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What you need to know for 04/25/2017

Horse racing: Shanghai Bobby’s future full of promise

Horse racing: Shanghai Bobby’s future full of promise

Don Lucarelli described himself as “fidgety” last Saturday night. In other words, he didn’t sleep mu

Don Lucarelli described himself as “fidgety” last Saturday night.

In other words, he didn’t sleep much after the Breeders’ Cup at Santa Anita, and in this case, that’s a good thing.

Almost a week later, upon hearing a suggestion that he had come down from Cloud 9, Lucarelli said, “No,” and that’s understandable, since Starlight Racing scored in a huge way with 2-year-old colt Shanghai Bobby.

After selling half interest in Shanghai Bobby to Coolmore Stud, Lucarelli and the Starlight contingent watched him win the BC Juv­enile to stay undefeated and turn the Eclipse Award voting into a mere formality.

The Duanesburg resident is the Starlight co-managing partner with Jack Wolf, and the next step is for trainer Todd Pletcher to get Shanghai Bobby ready for the 2013 Kentucky Derby.

Lucarelli said the best-case scen­ario, after the colt spends the winter at Palm Meadows in Florida, is for Shanghai Bobby to make two starts before the Derby, preferably in Florida so he won’t have to travel to much.

In a perfect world, Shanghai Bobby would run in the Fountain of Youth and Florida Derby, but Starlight knows as well as anyone that plans can go awry at anytime, so, for now, they’re content to bask in the afterglow of his win by a head over He’s Had Enough. The Eclipse Awards will be held Jan. 19 at Gulfstream Park.

“I can’t wait, because that’s the validation the horse deserves, and it’s all about the horse,” Lucarelli said.

Shanghai Bobby’s championship credentials are overwhelming, espec­ially measured against the rest of the 2-year-old colts.

The son of Harlan’s Holiday out of the Orientate mare Steelin’ won all five starts, finishing the season by taking the Grade II Hopeful at Saratoga Race Course, the Grade I Champagne at Belmont Park and the BC Juvenile.

Starlight was in a positon to win a championship last year with Hilda’s Passion in the female sprint div­ision, but she finished second in the voting to Musical Romance.

They shouldn’t have to worry about this one.

“It makes it a hell of a lot easier,” Lucarelli said. “I’d like to see who anyone else would vote for.”

One of the questions that has been raised about Shanghai Bobby in the wake of the Breeders’ Cup is whether he’ll be able to win going a mile and a quarter.

Also, his finish time for a mile and a sixteenth, 1:44.58, was almost a second slower than the winning time by Beholder over the same distance in the BC Juvenile Fillies.

Lucarelli answered the first question with his observations of the race, which he watched about 30 times, he said.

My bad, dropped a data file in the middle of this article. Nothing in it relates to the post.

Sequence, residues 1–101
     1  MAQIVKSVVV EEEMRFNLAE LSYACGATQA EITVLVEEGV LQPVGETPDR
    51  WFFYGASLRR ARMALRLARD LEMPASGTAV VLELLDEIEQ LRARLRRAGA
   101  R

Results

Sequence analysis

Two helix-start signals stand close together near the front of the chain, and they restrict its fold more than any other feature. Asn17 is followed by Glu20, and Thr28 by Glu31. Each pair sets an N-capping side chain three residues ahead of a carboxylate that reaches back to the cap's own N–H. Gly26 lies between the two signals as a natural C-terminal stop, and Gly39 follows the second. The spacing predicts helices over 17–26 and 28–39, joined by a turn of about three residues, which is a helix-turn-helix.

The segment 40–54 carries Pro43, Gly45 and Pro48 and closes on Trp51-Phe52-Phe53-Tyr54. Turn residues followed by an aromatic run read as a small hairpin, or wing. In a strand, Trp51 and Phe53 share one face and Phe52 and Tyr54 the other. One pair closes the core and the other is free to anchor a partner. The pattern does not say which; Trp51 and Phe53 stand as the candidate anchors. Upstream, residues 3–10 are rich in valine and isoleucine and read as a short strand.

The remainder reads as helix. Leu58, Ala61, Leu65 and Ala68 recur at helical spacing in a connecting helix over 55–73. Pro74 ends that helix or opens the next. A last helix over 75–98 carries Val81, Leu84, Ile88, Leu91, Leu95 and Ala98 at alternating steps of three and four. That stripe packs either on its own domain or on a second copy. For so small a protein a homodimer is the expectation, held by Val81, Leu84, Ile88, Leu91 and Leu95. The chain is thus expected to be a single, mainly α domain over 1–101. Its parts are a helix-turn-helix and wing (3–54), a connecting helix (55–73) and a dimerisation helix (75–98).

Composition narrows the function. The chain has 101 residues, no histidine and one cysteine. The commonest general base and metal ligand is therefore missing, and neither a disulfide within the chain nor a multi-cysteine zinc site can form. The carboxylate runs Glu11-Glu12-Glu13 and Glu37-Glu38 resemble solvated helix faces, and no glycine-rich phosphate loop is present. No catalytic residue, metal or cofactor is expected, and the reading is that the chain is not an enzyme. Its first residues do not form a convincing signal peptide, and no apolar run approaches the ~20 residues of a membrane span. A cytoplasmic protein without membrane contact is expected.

He didn’t watch just out of giddy celebration, but also to analyze the finer points of how the Juvenile was run.

After quick early fractions, Shanghai Bobby, ridden in all five starts by Rosie Napravnik, started to make a move on front-runner Title Contender at the three-eighths pole.

Title Contender was done and backed up, but Shanghai Bobby was engaged by He’s Had Enough at the eighth pole, and suddenly things didn’t look good for the Starlight colt.

He refocused and dug in, though, and held off He’s Had Enough at the wire and beyond.

“I’m not worried about the time because he did what he needed to do,” Lucarelli said. “If he didn’t stop, it would’ve been a stroll in the park, and he went out quick, so that doesn’t bother me at all. The fact that he does what he needs to do is something I actually like, because then he isn’t overexerting himself.

“Rosie was 100 percent right, the horse didn’t get tired. If you stop-frame it, you can see he’s looking at the infield, and he perks his ears and sucks it up and got back on the bit once the other horse came up on him. Then he wouldn’t let him get by him, even on the gallop-out.”

“I kept going back on the Track Barron in his second start,” Pletcher said right after the race. “He went pretty fast early, and it looked like he was in trouble, but when horses engaged him, he fought on and found more. I was hoping he was going to be able to do that today. But I was concerned about the fractions. That was our strategy, to be aggressive, the way the track was playing. We didn’t want to get shuffled back.”

Lucarelli said it would be a mistake to assume that Shanghai Bobby is a sprinter based on the fact that his dam sire is Orientate, the 2002 male sprint champion, because Shanghai Bobby actually has distance pedigree on his dam side.

Also, “it would be a mistake, with this horse, to underestimate him, because if you did, you’re in the hole quite a few dollars,” Luc­arelli said. “He was strong in the gallop-out, and he’ll get a mile and an eighth. The question is longer, but none of them will have run a mile and a quarter, so they’ll all be in the same boat.”

Lucarelli believes that the advantage of running just two preps for the Kentucky Derby is that a horse usually hits his best form cycle in the third race off a layoff.

It’s a formula that worked for Pletcher when he won the Derby in 2010 with Super Saver, who was third in the Tampa Bay Derby and second in the Arkansas Derby as the only starts of his 3-year-old season before the Kentucky Derby.